Genesis 39:1 – 41:57
This is the longest section that we have read thus far and there is a lot here but it moves pretty fast. How are you enjoying this time moving through God’s word?
Joseph has had it rough since he turned 17 and it only gets worse. The whole time Joseph was overseer at Potiphar’s house, “the Lord blessed the Egyptian’s house for Joseph’s sake.” “The blessing of the Lord was on all that he had.” That’s an amazing statement to make because that is what I would love to see in my life.
Joseph was then framed for adultery by Potiphar’s wife because he denied her repeatedly. Then he was sent to prison (39:6-23). The keeper at the prison then put Joseph in charge of it, just like Potiphar did in his household (39:21-23). Joseph was completely in charge of everything there and the keeper did not have to meddle in the affairs, same thing happened in Potiphar’s household.
Joseph was then around when the cupbearer and the baker for the king of Egypt were put into prison. The chief cupbearer and the baker both had dreams and Joseph predicted/interpreted them (former would die and latter would be restored, both within 3 days). Verse 23 points out that the chief cupbearer forgot about Joseph (40:14-15) once he was restored and set free.
Pharoah then has 2 dreams that need interpreting and he couldn’t find anyone in Egypt able to do so. And the chief cupbearer then remembers that Joseph has the ability to interpret dreams (41:1-13). But before Joseph comes to Pharoah, he shaved himself and changed his clothes (v. 14). Because when you go to see the king, you need to prepare yourself a little. It is the same way with God. We need to prepare ourselves in order to meet with Him. It is a casual encounter but a life-changing one every time. Let’s approach it that way.
It is great to note that when asked about how to interpret the dream, he points to God as the answer and not to himself (41:15-16). The dreams were simply that “God has shown to Pharoah what he is about to do” (41:28). These dreams were meant to show that there would be 7 years of plenty followed by 7 years of famine (41:29-32). Joseph even tells Pharoah to select “a discerning and wise man” to be in charge of all this (41:33-36). Was he promoting himself for this role? I think that he was a little bit. Which I have no problem with at all. God gave him the wisdom for a reason. Use it for His glory. Joseph then lays out a plan for how to survive and proceeded to accomplish it.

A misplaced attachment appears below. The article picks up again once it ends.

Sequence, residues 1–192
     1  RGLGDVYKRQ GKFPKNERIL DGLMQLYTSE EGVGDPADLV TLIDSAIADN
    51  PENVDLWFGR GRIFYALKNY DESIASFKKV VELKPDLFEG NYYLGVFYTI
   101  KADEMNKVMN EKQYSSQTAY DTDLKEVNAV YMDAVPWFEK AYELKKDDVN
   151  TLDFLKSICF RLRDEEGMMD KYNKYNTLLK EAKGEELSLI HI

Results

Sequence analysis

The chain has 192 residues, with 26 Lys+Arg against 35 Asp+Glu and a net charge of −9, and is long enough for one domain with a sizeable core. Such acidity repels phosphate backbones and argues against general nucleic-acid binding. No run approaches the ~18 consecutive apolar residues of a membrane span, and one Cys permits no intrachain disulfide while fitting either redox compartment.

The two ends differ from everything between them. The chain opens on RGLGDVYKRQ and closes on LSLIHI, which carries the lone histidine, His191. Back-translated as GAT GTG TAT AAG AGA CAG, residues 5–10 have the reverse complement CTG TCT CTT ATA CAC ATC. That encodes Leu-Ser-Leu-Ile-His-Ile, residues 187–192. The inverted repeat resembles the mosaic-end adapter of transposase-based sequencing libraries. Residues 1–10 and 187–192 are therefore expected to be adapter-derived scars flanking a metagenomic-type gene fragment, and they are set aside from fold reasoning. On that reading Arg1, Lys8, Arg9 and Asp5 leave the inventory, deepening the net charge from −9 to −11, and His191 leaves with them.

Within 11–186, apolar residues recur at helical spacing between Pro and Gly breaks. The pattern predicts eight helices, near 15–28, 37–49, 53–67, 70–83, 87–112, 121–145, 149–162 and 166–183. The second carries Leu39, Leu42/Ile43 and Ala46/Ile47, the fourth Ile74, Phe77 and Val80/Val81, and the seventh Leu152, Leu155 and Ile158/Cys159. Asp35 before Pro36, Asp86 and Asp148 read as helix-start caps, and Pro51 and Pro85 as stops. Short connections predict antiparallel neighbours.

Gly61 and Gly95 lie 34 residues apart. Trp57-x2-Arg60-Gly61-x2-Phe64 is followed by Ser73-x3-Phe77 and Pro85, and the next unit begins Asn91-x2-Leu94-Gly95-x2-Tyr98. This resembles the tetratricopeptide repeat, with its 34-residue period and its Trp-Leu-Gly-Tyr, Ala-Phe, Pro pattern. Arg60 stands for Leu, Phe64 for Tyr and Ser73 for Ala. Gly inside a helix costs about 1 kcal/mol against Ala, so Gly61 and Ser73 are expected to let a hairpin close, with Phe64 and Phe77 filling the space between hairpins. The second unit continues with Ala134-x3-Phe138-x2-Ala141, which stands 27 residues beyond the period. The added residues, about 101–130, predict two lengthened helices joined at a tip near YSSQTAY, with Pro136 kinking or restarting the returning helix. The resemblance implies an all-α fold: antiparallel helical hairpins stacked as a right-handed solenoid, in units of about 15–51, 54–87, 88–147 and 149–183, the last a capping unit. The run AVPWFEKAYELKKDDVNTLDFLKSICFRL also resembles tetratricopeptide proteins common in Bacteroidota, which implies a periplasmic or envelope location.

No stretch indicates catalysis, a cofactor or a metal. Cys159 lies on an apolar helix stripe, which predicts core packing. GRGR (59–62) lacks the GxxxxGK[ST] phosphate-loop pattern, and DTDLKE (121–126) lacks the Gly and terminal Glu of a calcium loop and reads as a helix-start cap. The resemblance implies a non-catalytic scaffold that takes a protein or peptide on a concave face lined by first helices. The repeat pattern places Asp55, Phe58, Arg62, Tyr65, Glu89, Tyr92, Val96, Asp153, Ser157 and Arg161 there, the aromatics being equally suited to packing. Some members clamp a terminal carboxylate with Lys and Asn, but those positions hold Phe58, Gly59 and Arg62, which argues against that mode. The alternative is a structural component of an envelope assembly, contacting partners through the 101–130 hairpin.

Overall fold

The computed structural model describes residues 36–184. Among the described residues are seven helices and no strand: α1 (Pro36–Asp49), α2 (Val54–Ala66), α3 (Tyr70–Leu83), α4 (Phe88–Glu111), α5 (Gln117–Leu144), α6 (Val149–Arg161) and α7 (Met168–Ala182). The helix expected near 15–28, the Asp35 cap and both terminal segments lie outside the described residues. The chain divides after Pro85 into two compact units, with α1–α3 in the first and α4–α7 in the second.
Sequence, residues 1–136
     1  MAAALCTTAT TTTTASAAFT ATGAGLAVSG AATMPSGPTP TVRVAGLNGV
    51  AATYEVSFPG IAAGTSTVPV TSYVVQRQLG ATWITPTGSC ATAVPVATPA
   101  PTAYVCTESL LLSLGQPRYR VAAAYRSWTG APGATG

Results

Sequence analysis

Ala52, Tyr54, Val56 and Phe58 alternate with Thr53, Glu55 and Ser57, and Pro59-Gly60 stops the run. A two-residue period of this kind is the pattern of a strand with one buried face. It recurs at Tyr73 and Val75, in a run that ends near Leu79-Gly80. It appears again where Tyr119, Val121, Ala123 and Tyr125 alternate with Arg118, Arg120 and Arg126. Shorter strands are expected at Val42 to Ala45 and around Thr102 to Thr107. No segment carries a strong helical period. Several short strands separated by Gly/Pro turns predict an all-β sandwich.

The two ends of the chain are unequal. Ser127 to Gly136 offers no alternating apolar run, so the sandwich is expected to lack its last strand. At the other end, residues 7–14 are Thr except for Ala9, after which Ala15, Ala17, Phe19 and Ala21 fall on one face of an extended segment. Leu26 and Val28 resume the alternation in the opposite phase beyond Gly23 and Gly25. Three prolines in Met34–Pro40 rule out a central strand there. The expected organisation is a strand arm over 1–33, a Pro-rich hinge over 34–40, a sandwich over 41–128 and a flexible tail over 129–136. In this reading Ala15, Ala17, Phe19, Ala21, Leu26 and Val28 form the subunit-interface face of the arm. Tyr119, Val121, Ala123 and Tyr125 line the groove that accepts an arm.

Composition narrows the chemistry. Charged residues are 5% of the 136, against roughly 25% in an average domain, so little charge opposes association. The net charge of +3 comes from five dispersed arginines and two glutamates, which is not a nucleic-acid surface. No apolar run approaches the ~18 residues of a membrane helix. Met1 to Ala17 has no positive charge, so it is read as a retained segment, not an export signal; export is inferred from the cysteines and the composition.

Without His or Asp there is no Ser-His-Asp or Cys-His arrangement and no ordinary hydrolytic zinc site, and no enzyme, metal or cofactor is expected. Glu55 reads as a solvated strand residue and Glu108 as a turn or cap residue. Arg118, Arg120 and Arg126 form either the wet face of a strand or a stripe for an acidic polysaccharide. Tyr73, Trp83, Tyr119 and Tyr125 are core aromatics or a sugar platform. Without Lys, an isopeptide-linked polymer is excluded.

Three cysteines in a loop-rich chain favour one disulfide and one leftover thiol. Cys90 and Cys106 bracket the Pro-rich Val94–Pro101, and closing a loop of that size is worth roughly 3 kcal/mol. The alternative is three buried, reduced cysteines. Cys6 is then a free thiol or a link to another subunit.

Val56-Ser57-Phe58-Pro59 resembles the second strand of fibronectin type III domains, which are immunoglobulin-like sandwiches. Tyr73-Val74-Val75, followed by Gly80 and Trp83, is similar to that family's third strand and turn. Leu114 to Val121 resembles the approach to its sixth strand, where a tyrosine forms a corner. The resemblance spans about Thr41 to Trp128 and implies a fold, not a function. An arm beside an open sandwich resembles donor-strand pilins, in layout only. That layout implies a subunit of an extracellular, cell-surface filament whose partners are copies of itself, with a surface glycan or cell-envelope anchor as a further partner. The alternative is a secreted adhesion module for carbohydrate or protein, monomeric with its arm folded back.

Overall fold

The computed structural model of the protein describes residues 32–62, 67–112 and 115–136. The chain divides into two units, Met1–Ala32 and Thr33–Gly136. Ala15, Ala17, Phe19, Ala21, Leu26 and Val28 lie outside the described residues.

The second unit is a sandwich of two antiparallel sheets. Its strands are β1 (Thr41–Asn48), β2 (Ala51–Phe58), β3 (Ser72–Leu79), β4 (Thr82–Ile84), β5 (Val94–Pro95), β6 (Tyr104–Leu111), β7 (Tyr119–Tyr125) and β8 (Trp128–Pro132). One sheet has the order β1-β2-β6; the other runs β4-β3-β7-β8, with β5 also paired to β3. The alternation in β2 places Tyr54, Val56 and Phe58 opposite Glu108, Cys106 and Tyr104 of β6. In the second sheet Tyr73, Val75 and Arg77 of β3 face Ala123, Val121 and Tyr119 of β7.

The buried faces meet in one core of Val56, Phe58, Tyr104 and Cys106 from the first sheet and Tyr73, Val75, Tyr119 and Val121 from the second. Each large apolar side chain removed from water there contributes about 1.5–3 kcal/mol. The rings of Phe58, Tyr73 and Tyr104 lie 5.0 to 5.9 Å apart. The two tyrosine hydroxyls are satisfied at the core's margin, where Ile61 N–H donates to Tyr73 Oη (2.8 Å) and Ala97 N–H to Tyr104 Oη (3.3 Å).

Pharoah puts Joseph in charge of all Egypt (41:37-45). This is very important to note because Pharoah says to Joseph that “only as regards to the throne will I be greater than you.” Joseph was thus restored completely and promoted beyond belief. He was also in charge once again and in a way that foreshadows Moses.
Joseph was only 30 when he was put in charge of all of Egypt (41:46-49). He went throughout Egypt and made sure to save a ton of supplies for the coming faith. Could this be a warning to us today to truly “save for a rainy day?”
Then Joseph got married…to Potiphera’s daughter, Asenath. Potiphera was a priest of On. I am not sure of On is a god or idol or if it is a city. It would be interesting to find that out.
Joseph had 2 sons, Manasseh & Ephraim.
Manasseh = “for God has made me forget all my hardship and all my father’s house.” Ephraim = “for God has made me fruitful in the land of my affliction.”
Everyone suffered during the famine (all countries throughout the earth) but Egypt had plenty to go off of and “all the earth came to Egypt to Joseph to buy grain” (41:53-57). This reminds me of the great wisdom of David and Solomon. And just like the early church, Joseph found favor with all the people.
My question today relates to what the world thinks of us as Christians. Does it think of us as a blessing or as a curse? Because God wants us to ultimately be a blessing to all people everywhere. All the earth should be blessed because of us. People should rejoice when new Christians are reborn because we are such a life-changer through God’s power.